Used Vehicle Review: Ford Fusion, 2006 2009  used car reviews reviews ford
2008 Ford Fusion SE four-cylinder. Click image to enlarge
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By Chris Chase; photos by Greg Wilson

A car like the Ford Fusion – the mid-sized sedan launched in 2006 to replace the old Taurus – makes you wonder why Ford isn’t closer to the top of automaker brand reliability rankings. I mention this right off the top because I was surprised to see how well the Fusion’s reliability was ranked by Consumer Reports, which gives the car its “good bet” used vehicle recommendation. It’s the only domestic mid-sized sedan to earn that designation, one that it shares with family car benchmarks like the Toyota Camry (whose quality appears to be slipping of late, according to CR) and the Honda Accord. In addition to that, the first-generation Fusion has been the subject of exactly zero recalls thus far.

More on reliability details later. First, note that the Fusion is a mechanical twin to the upscale Lincoln MKZ (nee Zephyr) as well as a U.S.-only model called the Mercury Milan. While the Lincoln was sold only with V6 power and more standard features, the dirty bits are all shared with the Fusion, so the information you read here applies to both cars.

Used Vehicle Review: Ford Fusion, 2006 2009  used car reviews reviews ford
2008 Ford Fusion SE four-cylinder. Click image to enlarge

On to the Fusion’s nuts and bolts: the first-generation Fusion shared its basic underpinnings with the original Mazda6, but benefited from a longer wheelbase and generally larger dimensions that helped the Ford avoid the criticism lobbed at the Mazda’s too-small interior.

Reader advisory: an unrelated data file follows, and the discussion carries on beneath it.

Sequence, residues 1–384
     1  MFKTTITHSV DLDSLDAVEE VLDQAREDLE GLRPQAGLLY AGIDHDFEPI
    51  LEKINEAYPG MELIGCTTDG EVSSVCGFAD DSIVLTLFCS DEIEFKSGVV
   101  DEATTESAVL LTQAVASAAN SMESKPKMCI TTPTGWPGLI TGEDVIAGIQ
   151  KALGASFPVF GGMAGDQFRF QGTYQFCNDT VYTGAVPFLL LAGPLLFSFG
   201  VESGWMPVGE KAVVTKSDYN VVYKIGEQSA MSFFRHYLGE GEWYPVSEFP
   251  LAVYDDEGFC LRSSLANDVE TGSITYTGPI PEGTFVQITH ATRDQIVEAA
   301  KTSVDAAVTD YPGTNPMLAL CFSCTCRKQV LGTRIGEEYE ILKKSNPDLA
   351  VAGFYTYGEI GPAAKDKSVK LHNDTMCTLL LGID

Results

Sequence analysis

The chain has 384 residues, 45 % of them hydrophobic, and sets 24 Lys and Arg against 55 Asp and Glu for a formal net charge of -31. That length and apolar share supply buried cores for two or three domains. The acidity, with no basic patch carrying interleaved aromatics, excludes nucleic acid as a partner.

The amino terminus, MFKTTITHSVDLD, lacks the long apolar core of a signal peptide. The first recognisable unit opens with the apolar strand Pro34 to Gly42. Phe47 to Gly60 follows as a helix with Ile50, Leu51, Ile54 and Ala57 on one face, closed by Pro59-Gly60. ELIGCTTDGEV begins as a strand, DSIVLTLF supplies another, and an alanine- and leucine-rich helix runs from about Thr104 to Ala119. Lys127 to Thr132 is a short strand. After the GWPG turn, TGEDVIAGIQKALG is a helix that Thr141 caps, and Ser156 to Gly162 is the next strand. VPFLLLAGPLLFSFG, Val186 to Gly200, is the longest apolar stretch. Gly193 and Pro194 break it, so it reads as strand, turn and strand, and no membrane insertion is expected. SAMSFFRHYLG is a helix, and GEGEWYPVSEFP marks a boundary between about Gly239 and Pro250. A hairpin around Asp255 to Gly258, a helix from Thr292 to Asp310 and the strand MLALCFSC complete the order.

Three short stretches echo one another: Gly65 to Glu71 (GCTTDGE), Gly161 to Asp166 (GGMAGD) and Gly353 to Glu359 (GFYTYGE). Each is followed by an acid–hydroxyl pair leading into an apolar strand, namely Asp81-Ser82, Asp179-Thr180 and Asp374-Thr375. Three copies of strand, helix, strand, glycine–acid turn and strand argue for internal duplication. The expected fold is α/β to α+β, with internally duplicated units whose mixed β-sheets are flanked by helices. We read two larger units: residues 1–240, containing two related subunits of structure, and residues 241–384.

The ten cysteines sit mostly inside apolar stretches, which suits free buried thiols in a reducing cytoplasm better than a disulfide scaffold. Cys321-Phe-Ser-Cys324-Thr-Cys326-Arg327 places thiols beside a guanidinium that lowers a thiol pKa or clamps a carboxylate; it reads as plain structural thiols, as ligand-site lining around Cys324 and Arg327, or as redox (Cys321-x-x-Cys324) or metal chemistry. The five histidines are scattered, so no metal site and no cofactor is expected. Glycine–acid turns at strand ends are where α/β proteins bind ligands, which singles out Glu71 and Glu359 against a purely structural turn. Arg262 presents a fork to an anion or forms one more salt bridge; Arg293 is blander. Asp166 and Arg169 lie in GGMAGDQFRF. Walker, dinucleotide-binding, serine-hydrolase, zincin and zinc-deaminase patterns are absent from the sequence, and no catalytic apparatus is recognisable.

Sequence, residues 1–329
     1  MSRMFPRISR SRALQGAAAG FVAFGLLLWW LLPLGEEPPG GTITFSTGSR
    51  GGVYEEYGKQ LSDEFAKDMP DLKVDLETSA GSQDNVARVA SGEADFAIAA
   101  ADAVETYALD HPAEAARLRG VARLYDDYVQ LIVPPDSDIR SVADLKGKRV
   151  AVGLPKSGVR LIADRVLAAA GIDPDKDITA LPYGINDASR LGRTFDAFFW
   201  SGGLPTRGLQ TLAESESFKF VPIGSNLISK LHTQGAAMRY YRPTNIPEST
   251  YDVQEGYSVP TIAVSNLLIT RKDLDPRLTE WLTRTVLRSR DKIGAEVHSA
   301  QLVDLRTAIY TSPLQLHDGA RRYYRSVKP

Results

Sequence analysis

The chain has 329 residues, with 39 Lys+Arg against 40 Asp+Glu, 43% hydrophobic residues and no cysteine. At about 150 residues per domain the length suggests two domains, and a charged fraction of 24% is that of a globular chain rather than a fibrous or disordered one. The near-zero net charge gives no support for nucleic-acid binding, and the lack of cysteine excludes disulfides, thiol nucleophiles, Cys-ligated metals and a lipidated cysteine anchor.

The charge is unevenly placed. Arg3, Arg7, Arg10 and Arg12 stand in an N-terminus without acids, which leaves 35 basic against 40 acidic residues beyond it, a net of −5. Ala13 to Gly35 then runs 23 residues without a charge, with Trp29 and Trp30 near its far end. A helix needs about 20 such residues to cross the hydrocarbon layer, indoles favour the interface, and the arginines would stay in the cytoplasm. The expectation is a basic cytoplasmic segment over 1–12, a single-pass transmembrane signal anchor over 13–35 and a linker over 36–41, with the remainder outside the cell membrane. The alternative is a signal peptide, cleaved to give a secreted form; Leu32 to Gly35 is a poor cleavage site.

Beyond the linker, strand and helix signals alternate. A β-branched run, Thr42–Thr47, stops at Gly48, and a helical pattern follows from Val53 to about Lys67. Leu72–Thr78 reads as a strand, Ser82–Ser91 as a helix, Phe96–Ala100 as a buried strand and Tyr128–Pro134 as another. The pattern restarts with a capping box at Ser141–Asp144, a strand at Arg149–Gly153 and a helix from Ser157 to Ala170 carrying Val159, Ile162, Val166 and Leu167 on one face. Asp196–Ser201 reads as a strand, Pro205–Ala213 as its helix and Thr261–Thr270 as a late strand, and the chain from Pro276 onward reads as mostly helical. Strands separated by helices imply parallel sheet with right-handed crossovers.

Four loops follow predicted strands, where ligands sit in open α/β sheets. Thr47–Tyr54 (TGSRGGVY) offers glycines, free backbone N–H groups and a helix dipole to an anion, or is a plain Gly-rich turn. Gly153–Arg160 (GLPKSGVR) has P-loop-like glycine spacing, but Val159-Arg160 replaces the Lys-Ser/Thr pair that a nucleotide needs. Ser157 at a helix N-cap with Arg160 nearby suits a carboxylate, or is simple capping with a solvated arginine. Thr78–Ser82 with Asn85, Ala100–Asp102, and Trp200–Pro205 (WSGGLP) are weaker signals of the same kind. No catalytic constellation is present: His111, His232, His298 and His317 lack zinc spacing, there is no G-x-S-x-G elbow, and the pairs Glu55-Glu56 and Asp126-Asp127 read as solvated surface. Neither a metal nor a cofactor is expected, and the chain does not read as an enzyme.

The Fusion also shared most of the Mazda6’s drive-train pieces. A 2.3-litre four-cylinder engine (160 hp) was paired with a five-speed manual transmission in base cars, with a five-speed auto being the gearbox option. A 3.0-litre V6 (221 hp) came bundled with a six-speed automatic transmission.

In 2007, V6 buyers got the option of adding all-wheel drive to their cars. While four-cylinder cars are adequate power-wise, V6 models have enough power to challenge the Fusion’s very competent handling and solid chassis.

In 2008, the Fusion’s fuel consumption ratings were 10.1/6.9 L/100 km (city/highway) for the four-cylinder/manual transmission model; 11.7/7.7 (city/highway) for front-wheel drive V6 models, and 12.4/8.1 (city/highway) in V6 all-wheel drive trim. Those figures are a few ticks higher than in similarly-equipped competitors like the Honda Accord, Toyota Camry and Hyundai Sonata.

Used Vehicle Review: Ford Fusion, 2006 2009  used car reviews reviews ford
Used Vehicle Review: Ford Fusion, 2006 2009  used car reviews reviews ford
2008 Ford Fusion SE four-cylinder. Click image to enlarge

Consumer Reports notes suspension issues in 2006 models, which could be related to a complaint or two in this thread at FordFusion.net about a “loose” feeling suspension.

This thread talks about leaky transfer cases in AWD Fusions; Consumer Reports makes a note of this issue, too, in 2007 models.

Owners of Fusions with automatic climate controls (higher trim levels) note in this FordFusion.net thread that the auto setting doesn’t like to work in cold weather. Apparently, Ford knows about the issue, but doesn’t know how to fix it. Thankfully, the heater etc., still works fine in manual mode. Consumer Reports notes this issue too in its reliability data for V6-powered Fusions (which are more likely to have automatic climate controls than more basic four-cylinder models).

A key stuck in the ignition is caused by a broken decorative ring around the automatic transmission shifter release button. There are tabs on this ring that can break off and interfere with the button, and in turn, activate an interlock designed to prevent the key from being removed while the car is in gear. Ford issued a technical service bulletin for this problem.

A “check engine” light triggered by a P0128 trouble code (accessed via the car’s on-board diagnostics port) most likely indicates a failed thermostat, a common problem with the Fusion’s four-cylinder engine; click here, here and here for information. If you’re handy, you can replace the thermostat yourself, but its location is a bit awkward; the power steering pump pulley has to be removed and the pump loosened for easy access to the thermostat housing. Here’s a how-to that explains the process reasonably well.

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